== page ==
As you can see, the Q1 earnings and revenue growth pace is only modestly below the 4- and 12-quarter averages, while the proportion of retailers coming out with positive EPS and revenue surprises is actually materially better relative to those historical periods. The more numerous positive surprises from the Retail sector appear to be a continuation of what we have been seeing from other sectors this earnings season, a reflection of low estimates.

The decent-looking growth pace in Q1, however, is a reflection of strong results at Amazon. Once we exclude Amazon from the Retail sector results, the comparisons start looking decidedly unfavorable. The side-by-side charts below compare the Retail sector's earnings and revenue growth rates, with and without Amazon.

The recent underperformance of retail stocks is mostly because of tepid guidance for the current period instead of soft Q1 results. You can see the impact of guidance on how Q2 earnings growth expectations for the sector have evolved over the last few weeks, as the chart below shows.

Earnings Picture Beyond 2016 Q1

Our summary take on the Q1 earnings season is that while growth remained nonexistent, actual results turned out to be less bad relative to the low levels to which estimates had fallen ahead of this reporting cycle. More companies came out with positive surprises for both earnings as well as revenues.

Importantly, while estimates for the current period (2016 Q2) have come down, they haven't fallen as much as was the case at the comparable stage in the prior earnings season. Low expectations likely explain part of the deceleration in the negative revisions pace for Q2 as estimates for this period had already come down over the last four months. The recent favorable movement in the U.S. dollar's exchange value is likely helping matters on the margin as well.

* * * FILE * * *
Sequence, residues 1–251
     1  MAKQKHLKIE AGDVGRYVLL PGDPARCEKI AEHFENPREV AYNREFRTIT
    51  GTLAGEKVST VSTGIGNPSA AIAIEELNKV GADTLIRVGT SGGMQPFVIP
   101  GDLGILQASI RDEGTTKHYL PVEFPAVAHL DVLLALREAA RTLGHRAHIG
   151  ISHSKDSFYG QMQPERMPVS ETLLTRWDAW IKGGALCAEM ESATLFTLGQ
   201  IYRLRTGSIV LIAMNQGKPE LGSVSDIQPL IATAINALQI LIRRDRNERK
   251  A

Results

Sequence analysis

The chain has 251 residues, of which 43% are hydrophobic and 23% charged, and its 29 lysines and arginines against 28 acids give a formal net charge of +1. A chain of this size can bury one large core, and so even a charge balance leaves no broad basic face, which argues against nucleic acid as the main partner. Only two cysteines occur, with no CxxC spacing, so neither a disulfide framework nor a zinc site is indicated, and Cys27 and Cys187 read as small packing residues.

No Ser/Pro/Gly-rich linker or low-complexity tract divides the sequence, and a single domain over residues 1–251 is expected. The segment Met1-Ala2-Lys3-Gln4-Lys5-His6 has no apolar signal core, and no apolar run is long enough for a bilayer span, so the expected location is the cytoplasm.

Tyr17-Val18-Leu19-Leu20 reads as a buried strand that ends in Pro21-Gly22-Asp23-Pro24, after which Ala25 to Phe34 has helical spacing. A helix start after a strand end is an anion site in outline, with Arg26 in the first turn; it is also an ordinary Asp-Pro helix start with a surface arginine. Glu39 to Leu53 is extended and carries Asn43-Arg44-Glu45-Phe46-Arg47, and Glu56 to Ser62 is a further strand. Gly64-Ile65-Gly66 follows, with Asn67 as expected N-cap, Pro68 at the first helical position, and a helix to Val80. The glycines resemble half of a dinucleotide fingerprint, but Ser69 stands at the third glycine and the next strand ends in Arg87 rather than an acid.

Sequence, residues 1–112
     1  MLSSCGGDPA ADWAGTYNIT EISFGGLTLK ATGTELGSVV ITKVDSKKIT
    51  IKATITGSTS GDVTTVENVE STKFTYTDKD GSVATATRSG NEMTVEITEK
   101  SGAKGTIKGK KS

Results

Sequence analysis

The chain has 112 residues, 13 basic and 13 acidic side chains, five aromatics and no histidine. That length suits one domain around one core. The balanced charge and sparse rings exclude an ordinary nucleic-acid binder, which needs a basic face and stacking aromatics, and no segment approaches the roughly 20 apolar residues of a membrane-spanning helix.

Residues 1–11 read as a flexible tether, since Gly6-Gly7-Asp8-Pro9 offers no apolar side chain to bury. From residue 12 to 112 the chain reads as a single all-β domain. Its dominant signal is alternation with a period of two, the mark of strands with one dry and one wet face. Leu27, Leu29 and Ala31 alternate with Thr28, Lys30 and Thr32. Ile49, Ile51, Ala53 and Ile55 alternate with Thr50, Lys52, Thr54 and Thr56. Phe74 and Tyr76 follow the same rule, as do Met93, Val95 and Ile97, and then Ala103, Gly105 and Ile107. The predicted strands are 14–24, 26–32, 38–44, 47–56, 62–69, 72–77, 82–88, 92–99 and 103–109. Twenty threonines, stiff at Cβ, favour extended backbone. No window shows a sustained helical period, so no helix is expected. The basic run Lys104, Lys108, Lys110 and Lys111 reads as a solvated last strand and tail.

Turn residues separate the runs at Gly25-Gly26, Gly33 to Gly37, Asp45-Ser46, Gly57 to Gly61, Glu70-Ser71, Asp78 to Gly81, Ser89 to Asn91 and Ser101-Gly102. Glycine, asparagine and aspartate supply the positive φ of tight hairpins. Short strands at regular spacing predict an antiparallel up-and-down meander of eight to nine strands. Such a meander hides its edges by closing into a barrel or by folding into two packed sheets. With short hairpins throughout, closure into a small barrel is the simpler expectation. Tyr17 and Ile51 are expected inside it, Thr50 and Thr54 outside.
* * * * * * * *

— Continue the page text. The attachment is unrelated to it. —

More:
Total earnings for the S&P 500 index are currently expected to be down -6.1% from the same period last year. The chart below shows Q2 earnings growth expectations have evolved over the last few weeks.

The chart below shows Q1 growth expectations contrasted with what was actually achieved in the preceding three quarters and estimates for the following four periods. Full-year 2016 earnings growth expectations have now turned negative, similar to what we saw last year.


Many see the Q1 earnings season as the inflection point for corporate earnings, with the growth picture starting improve from Q2 onwards and turning positive in the back half of the year. The relative more numerous positive surprises and the fewer negative revisions to current-period estimates would support that view. But the proof of this narrative will become clear in the coming days as more companies report Q1 results and provide color on the evolving business picture.

To access the full Earnings Trends article, please click here .

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The views and opinions expressed herein are the views and opinions of the author and do not necessarily reflect those of Nasdaq, Inc.

The views and opinions expressed herein are the views and opinions of the author and do not necessarily reflect those of Nasdaq, Inc.